People who hate Jane Austen – yes, such benighted folks do exist – sometimes claim that she is so-o-o boring that she causes eyelids to droop.
The now-defunct blog Bad Reviews of Good Books, which compiled excerpts from you-know-what,* offered some choice morsels: “I have fallen asleep EVERY TIME I have read it” (Persuasion); “Austen only appealed to me when I needed something to help me fall asleep” (Pride and Prejudice).
So I was amused when I ran across a reference to Jane Austen Bedtime Stories, a podcast whose premise is that a couple of chapters of Austen, if read aloud “in soothing tones and set to calming music,” provide the perfect segue to dreamland. “With everything that is going on in the world, we find comfort in the familiar,” each episode’s promotional text notes. “For so many of us, Jane Austen's works are like a warm hug.”
Apparently, the Janeites and the anti-Janeites agree on one thing: Austen is a sleep aid.
Indeed, the Austen insomnia cure is apparently a cottage industry of whose existence I was previously unaware. Jane Austen Bedtime Stories, which has spent the past sixteen months offering bimonthly, sequential chunks of Pride and Prejudice – just seven chapters to go! – is far from your only choice.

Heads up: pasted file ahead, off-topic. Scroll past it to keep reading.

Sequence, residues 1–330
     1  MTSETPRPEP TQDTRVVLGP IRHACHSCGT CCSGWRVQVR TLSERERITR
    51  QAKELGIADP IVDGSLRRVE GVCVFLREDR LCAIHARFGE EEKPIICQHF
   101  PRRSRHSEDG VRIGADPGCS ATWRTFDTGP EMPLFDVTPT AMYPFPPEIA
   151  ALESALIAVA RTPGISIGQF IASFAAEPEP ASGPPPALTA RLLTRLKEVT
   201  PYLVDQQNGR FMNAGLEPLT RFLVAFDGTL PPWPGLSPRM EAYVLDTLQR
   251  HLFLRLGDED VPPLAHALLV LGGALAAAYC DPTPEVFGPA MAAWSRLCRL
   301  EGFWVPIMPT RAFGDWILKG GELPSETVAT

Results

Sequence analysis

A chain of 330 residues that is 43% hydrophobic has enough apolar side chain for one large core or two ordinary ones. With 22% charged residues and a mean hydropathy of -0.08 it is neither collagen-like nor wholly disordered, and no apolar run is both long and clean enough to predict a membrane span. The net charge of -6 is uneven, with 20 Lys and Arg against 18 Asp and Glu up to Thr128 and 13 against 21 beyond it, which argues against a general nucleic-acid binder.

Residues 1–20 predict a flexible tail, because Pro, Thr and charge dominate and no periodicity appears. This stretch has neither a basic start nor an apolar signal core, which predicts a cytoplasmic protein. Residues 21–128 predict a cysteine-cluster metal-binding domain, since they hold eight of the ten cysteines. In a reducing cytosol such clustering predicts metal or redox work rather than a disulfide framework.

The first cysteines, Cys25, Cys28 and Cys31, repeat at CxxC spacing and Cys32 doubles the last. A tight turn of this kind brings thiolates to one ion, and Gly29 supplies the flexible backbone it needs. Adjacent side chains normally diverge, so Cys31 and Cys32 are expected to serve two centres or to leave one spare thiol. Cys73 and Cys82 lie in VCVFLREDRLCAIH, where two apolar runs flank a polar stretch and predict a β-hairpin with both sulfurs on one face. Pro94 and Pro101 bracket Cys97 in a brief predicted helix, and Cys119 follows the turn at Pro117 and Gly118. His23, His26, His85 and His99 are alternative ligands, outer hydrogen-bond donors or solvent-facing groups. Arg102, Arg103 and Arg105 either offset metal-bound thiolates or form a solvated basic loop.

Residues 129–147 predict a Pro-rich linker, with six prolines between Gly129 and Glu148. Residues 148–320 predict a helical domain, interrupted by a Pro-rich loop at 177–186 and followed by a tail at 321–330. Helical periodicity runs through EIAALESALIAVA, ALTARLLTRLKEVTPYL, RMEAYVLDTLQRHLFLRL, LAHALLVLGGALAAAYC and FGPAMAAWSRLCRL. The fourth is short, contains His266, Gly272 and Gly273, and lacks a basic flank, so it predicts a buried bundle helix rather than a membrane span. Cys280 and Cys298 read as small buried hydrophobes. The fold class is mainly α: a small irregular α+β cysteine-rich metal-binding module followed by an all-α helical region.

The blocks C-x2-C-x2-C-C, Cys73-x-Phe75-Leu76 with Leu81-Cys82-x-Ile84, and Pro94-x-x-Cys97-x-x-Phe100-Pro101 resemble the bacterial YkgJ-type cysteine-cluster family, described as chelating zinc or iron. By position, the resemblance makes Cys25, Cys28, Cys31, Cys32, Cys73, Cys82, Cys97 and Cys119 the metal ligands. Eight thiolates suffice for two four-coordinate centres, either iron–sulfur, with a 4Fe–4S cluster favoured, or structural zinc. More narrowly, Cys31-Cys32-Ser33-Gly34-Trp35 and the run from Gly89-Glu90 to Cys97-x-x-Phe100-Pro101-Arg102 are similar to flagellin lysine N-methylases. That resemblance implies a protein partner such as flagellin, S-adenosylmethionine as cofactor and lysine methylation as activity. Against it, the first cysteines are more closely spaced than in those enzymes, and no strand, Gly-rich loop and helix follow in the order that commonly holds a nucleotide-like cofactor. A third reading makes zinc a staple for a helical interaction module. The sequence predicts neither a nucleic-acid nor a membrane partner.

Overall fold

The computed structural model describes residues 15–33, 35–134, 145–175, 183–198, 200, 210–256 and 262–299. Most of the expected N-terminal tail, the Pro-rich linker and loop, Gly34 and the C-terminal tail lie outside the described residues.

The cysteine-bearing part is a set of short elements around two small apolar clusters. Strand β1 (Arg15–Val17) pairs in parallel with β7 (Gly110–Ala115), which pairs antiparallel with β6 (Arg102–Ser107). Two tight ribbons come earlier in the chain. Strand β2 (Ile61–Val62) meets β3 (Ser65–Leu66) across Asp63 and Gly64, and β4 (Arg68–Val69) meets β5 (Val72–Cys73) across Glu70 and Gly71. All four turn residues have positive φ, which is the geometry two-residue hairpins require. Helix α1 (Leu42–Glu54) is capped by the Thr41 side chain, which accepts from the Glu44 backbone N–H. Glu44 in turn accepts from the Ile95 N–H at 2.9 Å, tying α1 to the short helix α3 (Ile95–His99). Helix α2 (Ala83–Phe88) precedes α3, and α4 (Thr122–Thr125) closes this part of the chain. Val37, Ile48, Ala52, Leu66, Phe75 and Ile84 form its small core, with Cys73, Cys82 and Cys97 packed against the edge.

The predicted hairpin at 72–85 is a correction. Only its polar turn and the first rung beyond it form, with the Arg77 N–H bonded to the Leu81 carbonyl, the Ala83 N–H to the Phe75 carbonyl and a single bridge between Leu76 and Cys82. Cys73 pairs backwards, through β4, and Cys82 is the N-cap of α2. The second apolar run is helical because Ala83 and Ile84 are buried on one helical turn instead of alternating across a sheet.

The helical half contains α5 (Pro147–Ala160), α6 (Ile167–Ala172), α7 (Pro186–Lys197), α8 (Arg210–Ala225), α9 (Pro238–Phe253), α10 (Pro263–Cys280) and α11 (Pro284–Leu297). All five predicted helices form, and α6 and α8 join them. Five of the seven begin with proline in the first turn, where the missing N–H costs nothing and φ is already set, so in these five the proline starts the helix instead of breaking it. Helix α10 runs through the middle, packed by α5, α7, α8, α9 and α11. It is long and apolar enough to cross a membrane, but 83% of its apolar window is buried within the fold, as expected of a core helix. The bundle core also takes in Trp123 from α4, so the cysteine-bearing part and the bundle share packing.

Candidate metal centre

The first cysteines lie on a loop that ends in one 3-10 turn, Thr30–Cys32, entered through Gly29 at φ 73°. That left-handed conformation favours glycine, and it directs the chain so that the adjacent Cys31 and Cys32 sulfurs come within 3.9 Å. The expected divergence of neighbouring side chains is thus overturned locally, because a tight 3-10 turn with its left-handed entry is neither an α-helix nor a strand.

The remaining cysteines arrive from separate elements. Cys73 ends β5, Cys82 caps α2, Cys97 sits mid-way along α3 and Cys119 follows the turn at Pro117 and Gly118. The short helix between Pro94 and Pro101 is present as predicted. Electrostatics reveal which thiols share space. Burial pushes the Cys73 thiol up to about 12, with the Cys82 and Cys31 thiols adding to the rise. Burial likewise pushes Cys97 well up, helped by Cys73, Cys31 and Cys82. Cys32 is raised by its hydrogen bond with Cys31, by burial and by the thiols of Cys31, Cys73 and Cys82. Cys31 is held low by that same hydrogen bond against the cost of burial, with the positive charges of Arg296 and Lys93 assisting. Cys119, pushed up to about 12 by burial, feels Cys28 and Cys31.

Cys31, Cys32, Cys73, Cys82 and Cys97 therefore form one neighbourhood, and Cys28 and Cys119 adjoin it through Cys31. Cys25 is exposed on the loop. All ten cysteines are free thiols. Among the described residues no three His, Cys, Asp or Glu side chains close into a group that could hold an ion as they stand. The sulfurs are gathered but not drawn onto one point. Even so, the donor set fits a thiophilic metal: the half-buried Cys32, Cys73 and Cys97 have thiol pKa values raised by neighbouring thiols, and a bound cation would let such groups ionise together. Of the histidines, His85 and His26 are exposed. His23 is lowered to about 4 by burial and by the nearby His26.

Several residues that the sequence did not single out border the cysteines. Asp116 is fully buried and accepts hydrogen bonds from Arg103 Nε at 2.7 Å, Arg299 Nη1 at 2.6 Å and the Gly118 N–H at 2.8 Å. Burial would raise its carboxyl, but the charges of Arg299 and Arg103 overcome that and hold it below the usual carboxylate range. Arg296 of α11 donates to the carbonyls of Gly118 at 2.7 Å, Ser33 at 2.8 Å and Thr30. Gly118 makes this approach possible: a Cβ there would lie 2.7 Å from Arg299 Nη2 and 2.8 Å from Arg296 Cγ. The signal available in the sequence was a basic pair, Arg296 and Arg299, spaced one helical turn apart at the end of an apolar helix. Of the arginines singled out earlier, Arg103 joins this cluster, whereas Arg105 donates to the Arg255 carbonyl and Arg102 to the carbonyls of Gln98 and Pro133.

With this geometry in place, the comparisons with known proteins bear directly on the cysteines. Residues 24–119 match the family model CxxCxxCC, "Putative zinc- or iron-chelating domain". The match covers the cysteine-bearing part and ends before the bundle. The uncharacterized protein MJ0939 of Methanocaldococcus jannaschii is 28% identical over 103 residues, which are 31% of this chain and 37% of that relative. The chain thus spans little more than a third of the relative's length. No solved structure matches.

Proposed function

There’s Sleep Story for Grown Ups, whose abridged-and-summarized episodes cover not only P&P but also Persuasion and Sense and Sensibility, along with a slew of other classic tales from literature and mythology. There’s Bore You to Sleep: Sleep Stories for Adults, which has dipped into Emma, Mansfield Park, Persuasion, and Sense and Sensibility, among many other fiction and non-fiction offerings. And there’s Just Sleep – Bedtime Stories for Adults, which offers a reading from Sanditon, as well as from four of Austen’s completed novels and a wide variety of other works. I wouldn’t be surprised if I’ve missed yet more: Austen’s delightful combination of widespread popularity and lapsed copyright is catnip to sleep podcasters.
Because these readings actually aim to put you to sleep, the quality of the performances is, well, soporific, at least as far as I could tell from a quick spot-check. Don’t look here for lively interpretations by gifted voice actors.
Even so, Jane Austen wouldn’t be my choice for tedium-induced slumber. Other selections on the Bore You to Sleep menu seem likelier possibilities. Can I interest you in Aviation in Canada, 1917-18? Wood-Carving: Design and Workmanship? Perhaps The Filtration of Public Water-Supplies? Didn’t think so.
* But unfortunately did not footnote those excerpts.